"Now, don't go .500 because the next year they fired me. I had one .500 team, and outta here." 

That brought laugher. 

"It wasn't funny at the time," Ellis said with a chuckle on himself. 

Anyway, he was glad to be back in Auburn and for Pearl. 

"I said I'm going to come back because of my players and Auburn, and I'm going to come back for you," Ellis said. "And I said, 'I need you to do me a favor.' And he said, 'What's that?' I said I want you to play me. It got real quiet. But you know what? He said yes.  We're going to come back, and it'll be the only time I'll pull against Auburn." 

Auburn versus Coastal Carolina in early December in Auburn Arena. It's on the books. 


Athletics Director Jay Jacobs was telling the story how he flew in March to Bristol, Conn., and ESPN to offer the job to Pearl, who was doing commentary for the network. There was hesitation. So Jacobs followed him, by plane, to Tennessee and talked to him in Knoxville. Pearl asked his family. They approved. 

Since then? 

"He has definitely hit the ground running," Jacobs said. "For a guy to invite back former coaches and all the players speaks volumes for his personality. I just appreciate the former lettermen coming back. They're excited. We're all excited about basketball. 

"Bruce has been a tireless worker making sure the former players are involved in the basketball program. It takes the head coach to have open arms. Nobody wants to come around if they don't feel welcomed, and Bruce certainly makes everybody feel welcome." 

Charles Barkley, former player, felt welcomed, warming up to the crowd as the night went on. 

"I'm not like some alumni," Barkley said. "Trust me, Auburn has enough alumni who are trying to run the football program. I'm going to support Bruce. Whatever he needs from me, I'm going to support the program. I want to support my team and my school. That's it. Plain and simple. 

"When I came here in 1981 they talked to me about bringing the program back, and I said you can always go to North Carolina or Duke where they always have tradition. Sonny talked to me about starting our own tradition… I want these guys to do it again." 

"There's no reason," Pearl said, "that we can't be successful right away."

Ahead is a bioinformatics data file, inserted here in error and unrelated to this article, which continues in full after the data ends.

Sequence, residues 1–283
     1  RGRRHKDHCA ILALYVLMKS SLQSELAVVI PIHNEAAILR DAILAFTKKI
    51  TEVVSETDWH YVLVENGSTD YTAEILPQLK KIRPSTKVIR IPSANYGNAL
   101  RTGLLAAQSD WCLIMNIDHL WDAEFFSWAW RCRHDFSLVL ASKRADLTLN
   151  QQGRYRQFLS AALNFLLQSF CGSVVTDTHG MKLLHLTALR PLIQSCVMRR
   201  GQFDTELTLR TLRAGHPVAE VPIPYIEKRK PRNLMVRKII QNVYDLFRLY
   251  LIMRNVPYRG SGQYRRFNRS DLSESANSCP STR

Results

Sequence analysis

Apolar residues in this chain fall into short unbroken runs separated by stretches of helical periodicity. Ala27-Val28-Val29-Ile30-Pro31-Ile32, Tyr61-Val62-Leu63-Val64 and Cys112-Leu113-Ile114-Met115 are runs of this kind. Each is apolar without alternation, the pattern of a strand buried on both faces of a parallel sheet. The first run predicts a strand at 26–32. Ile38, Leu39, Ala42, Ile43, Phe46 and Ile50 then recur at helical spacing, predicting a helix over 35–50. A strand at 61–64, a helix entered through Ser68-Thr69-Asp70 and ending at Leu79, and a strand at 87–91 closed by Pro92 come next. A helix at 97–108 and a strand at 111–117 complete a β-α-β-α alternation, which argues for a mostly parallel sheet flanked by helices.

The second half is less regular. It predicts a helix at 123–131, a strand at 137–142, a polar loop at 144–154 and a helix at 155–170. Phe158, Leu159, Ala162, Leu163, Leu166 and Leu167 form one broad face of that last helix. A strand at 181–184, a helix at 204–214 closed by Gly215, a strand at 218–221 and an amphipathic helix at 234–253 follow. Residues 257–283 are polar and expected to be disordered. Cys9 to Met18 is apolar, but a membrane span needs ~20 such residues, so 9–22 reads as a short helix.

Auburn hasn't been too successful lately. But Pearl remembers when the Tigers were good. 

"I walked into Auburn Arena and I asked, 'Where is that Sports Illustrated picture of Chris Porter?' It's got to be around here some place. It's got to be around here big as life. Because I remember Auburn basketball being ranked No. 1 in the country. I want my guys to remember it wasn't so long ago that Auburn basketball was ranked No. 1 in the country, and that's because of the players who are here tonight." 

Pearl thanked Smith and Ellis for their contributions. 

"Sonny has been a great friend. He's reached out to me," Pearl said. 

And he remembered "the great coaching of Cliff Ellis" that had Auburn in the NCAA Tournament. 

"I know," Jacobs said, "we can all pull together and support men's basketball, and with this type of enthusiasm Bruce has, we can do great things. We can do great things that Cliff and Sonny had done before." 

Smith said he's been impressed. 

"I've never seen Auburn as excited as they are right now," he said.


Pearl turned from the past to the present, and motioned to his basketball team. 

"They are going to represent you well," he told the crowd. 

But he knows what the preseason predictions will be. 

"That basketball team right there is going to be picked near the bottom of the SEC. That basketball team right there will finish nowhere near the bottom of the SEC," Pearl said. 

"I'm not asking you to be patient. We've been patient long enough. 

"My goal is earn the respect, and as much as anything to earn the respect of some of the great coaches I'm following: Coach Eaves, coach Sonny Smith, coach Cliff Ellis. My goal is to do enough here to earn those coaches' respect." 


Chuck Person, former Auburn great, former Charles Barkley teammate, current Auburn assistant coach, was supposed to be the last speaker. Barkley would have none of it. 

"Pass the ball!" Barkley was still demanding three decades later. "He never passed the ball when we were in college!" 

Both would shoot their way to NBA stardom. Before then, "we became great teammates," Person said. 

"This guy," Barkley said, "was a great player." 

Barkley turned serious, and said he hated to, but talked of Person's mother passing away. The funeral is in Brantley on Saturday. Barkley will be there. 

"Sweet lady," Barkley said. 

"I love you man. We've been together for 30 years." 

Barkley then closed the show. 

"I've been so blessed. I've had an amazing life. I'm an old geezer now. I came here in 1981. Auburn is amazing." 

Barkley couldn't leave it there. He turned to Pearl and reminded him of what Ellis said. 

"If you go .500, we're going to fire you, too," Barkley said. 

"Hey," Pearl shot back, "if I go .500 and you fire me, have you seen my buyout? You'd have to donate a lot of money." 

"I've got that," Barkley said without missing a beat, "in my back pocket."

Charles Goldberg is a Senior Writer at Follow him on Twitter: